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Why New York Should Be Excited For A Washed-Up French Guy

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MLS soccer isn't about winning. It's about Thierry Henry.

HARRISON NJ - JULY 15:  Thierry Henry walks out onto the field prior to a press conference on July 15 2010 at Red Bull Arena in Harrison New Jersey.  (Photo by Mike Stobe/Getty Images for New York Red Bulls)
HARRISON NJ - JULY 15: Thierry Henry walks out onto the field prior to a press conference on July 15 2010 at Red Bull Arena in Harrison New Jersey. (Photo by Mike Stobe/Getty Images for New York Red Bulls)
Getty Images for New York Red Bu

No, Thierry Henry isn't in his prime. Yes, he's still very good. 

My story with Henry begins two years ago, in Chinatown. I'd seen him play for France and Arsenal, but, obviously, never in person. He was here for Steve Nash's now-annual Showdown in Chinatown event, a playful soccer game between world-famous soccer players and his various friends from around the NBA, now played every year the day before the NBA Draft in Chinatown's Sara D. Roosevelt Park to raise money for his Steve Nash foundation.

That first year, the cast included Chelsea's Solomon Kalou, Mathieu Flamini, America's own Jozy Altidore, some other retired soccer players, NBA players such as Jason Kidd, Baron Davis (who played the whole game with a baseball cap and glasses on), Leandro Barbosa, and Raja Bell. And Thierry Henry.

To Henry, he took the game as seriously as anybody would take a glorified pickup game. He jogged and fooled around with the ball when it came to him. But then, for some reason - I think Baron Davis smacked at the ball with his hands in the box - the referee, whose job was mainly to joke around with the players, called a penalty. I was standing about 10 feet behind the goal where Henry was shooting, behind a chain-link fence. This kid I was with took out a cameraphone, and after searching violently through youtube, I just found the video.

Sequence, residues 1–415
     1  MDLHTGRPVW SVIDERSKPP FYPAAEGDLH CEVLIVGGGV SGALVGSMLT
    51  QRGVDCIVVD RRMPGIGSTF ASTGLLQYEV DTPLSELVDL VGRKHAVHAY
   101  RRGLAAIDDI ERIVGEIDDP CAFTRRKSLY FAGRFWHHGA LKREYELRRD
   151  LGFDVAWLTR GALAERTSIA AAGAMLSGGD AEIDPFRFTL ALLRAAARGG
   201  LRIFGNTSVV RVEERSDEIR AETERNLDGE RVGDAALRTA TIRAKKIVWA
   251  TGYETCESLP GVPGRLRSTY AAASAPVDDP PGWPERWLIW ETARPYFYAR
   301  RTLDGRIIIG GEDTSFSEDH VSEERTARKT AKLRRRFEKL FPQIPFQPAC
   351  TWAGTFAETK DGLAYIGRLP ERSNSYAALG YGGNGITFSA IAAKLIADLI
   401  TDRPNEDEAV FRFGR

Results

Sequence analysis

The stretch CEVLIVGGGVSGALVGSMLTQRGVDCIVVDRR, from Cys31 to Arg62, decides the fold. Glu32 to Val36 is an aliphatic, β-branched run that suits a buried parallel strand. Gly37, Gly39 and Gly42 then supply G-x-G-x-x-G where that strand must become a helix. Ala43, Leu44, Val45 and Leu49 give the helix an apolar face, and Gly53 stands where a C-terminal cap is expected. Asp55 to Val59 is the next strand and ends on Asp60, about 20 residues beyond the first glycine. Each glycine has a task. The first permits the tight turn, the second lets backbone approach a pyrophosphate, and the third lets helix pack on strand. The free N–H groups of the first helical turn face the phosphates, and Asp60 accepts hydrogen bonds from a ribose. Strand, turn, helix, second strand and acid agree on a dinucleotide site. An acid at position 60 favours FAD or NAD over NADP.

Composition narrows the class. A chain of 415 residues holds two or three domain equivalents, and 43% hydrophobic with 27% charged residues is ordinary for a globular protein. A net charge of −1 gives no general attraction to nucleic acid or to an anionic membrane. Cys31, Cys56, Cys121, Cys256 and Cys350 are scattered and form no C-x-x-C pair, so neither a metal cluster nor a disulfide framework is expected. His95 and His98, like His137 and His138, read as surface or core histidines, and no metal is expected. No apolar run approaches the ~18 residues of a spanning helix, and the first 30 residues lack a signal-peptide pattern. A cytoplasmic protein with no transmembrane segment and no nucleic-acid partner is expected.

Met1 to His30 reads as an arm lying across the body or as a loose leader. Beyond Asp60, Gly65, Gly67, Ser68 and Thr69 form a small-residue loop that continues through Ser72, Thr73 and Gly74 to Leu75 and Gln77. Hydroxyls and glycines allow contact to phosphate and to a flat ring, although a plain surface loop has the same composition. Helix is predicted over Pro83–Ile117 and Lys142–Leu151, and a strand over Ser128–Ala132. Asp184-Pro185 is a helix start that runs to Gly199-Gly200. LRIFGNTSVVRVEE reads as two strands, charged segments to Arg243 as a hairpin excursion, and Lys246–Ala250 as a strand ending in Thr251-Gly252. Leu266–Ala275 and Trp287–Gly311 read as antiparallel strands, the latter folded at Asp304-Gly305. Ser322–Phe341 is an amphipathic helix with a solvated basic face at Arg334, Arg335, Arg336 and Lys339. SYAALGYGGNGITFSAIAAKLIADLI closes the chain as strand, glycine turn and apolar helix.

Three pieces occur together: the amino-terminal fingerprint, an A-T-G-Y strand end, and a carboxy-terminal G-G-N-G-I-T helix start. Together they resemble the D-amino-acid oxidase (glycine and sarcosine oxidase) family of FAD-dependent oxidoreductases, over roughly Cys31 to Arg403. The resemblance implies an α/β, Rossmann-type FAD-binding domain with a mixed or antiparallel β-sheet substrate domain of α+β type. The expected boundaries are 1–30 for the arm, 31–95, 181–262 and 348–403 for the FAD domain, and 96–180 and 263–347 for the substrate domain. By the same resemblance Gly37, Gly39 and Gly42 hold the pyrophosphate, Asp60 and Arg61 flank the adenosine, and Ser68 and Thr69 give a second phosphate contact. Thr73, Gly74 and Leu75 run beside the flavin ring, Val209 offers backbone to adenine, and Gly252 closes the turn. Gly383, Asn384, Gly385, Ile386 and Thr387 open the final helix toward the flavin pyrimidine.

Now, the ability to score from 15 feet away on an amateur goalie in a charity soccer game is no indication that Henry will change American soccer. (No clip proclaiming such a thing would feature Kidd randomly walking directly in front of somebody about to shoot a penalty kick.) But something about that shot struck me. I played a little bit of goalie in my day, and I'd never, ever seen anybody strike like that. The power, the placement, the fact that the ball drastically curves over the course of the 15 feet between Henry and the goal, the noise it makes when it hits the back of the net - that "CLANG" is the noise of a ball hitting a mesh net. Think about that. - just seemed so unreal. I was standing behind a chain-link fence and I flinched. 

Now, I'm sure any professional soccer player is capable of kicking a ball with that tenacity. But the way Henry handled it - in the middle of this silly charity soccer game where he clearly wasn't paying any attention, just to turn on his full talent blasters just for a split second, to kick this one completely perfect ball - then go back to fooling around and everything - showed me Henry has a knack for two things: freaky offensive talent, and showmanship.

New York knows washed-up players. Our teams have a burning passion for bringing in the best of the best of five years ago: the Yankees have brought in retreads of Randy Johnson, 44-year old Roger Clemens, Kevin Brown, a down-trending Gary Sheffield, and numerous others. Isiah Thomas made a habit of building a franchise out of players that were awesome in 2003 such as Steve Francis, Jalen Rose, Vin Baker, and many more. The problem is, he took charge in 2004. (Not to mention last year's Tracy McGrady experience, which was at least cap motivated.) The Mets would win 148 games if this was the year 2005, and that's not even discussing their well-documented flirtations with such players as a downtrodden Pedro Martinez and others.